Two Sundays ago, our worship text was the allegory of the sheep and the goats from Matthew 25:31-46. Jesus talks about sorting the sheep and the goats based on how they treated others. 


“Then the righteous will answer him, ‘Lord, when did we see you hungry and feed you, or thirsty and give you something to drink?38 When did we see you a stranger and invite you in, or needing clothes and clothe you? 39 When did we see you sick or in prison and go to visit you?’

40 “The King will reply, ‘Truly I tell you, whatever you did for one of the least of these brothers and sisters of mine, you did for me.’


Now, passages about judgement are hard for adults, let alone children. A general rule I have for talking about any judgement is this:


Never point fingers outward.


These teachings are for Jesus' followers--us--which means that they should always lead to our self-examination. When we read this passage, we should be asking, "What have I done for the least of these?"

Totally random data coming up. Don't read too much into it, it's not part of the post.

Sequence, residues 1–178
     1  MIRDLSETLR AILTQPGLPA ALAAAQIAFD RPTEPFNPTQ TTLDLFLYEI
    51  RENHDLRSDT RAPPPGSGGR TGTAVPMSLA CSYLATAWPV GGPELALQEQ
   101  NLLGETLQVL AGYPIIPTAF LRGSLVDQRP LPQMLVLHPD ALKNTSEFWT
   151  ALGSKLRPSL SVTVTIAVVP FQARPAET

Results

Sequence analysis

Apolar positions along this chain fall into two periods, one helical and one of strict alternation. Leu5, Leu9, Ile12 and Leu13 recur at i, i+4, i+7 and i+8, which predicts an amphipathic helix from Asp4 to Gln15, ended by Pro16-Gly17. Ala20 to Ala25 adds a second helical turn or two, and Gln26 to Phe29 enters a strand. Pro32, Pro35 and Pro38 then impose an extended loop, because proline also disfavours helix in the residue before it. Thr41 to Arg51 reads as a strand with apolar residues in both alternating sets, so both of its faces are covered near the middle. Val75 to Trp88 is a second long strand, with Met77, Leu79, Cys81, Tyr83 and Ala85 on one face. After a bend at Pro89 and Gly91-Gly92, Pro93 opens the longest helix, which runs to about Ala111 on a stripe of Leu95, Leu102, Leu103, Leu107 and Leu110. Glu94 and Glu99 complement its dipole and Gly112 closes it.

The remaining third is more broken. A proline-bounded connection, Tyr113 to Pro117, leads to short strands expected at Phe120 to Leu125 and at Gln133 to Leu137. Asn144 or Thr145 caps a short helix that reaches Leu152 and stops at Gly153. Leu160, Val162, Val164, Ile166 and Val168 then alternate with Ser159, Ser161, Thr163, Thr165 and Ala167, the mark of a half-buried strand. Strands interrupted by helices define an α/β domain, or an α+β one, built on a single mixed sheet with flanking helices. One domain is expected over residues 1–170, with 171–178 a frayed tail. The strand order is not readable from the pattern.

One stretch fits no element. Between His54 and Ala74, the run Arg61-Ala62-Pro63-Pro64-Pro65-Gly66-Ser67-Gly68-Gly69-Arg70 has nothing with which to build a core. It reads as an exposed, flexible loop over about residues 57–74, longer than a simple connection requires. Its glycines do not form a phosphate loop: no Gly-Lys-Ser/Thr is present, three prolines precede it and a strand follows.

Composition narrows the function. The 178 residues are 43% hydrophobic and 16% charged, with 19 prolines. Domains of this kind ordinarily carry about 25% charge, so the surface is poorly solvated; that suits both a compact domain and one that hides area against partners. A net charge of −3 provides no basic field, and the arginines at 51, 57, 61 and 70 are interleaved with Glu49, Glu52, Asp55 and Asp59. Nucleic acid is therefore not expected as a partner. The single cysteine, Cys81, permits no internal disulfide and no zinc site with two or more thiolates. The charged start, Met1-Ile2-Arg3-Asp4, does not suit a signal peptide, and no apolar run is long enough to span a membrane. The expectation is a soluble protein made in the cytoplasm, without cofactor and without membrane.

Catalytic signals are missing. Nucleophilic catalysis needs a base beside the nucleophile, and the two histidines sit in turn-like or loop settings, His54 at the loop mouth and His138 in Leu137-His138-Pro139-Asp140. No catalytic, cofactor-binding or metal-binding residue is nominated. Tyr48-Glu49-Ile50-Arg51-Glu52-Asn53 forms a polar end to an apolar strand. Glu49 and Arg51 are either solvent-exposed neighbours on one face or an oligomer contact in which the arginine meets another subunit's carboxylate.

For kids, this is where I take this passage. In my children's sermon, we looked at this collage Christ Among the Scraps from Jan Richardson. (It's worth paying to get a downloadable image. I love her work and believe in supporting artists who make these things available!) We found the face together and I shared Jan's story about how she came to create this piece. My key point was that the face of Jesus is found in all sorts of people.


Kids who came with me to Children's Worship spent time making a collage of their own. If you do this at home, you can deep the experience by asking some "I wonder" questions. These work best with slightly older elementary school kids:


I wonder how sorting papers is like sorting people?

I wonder if God sorts people?

I wonder how you would sort people?


More next week--until then, grace and peace,


Amelia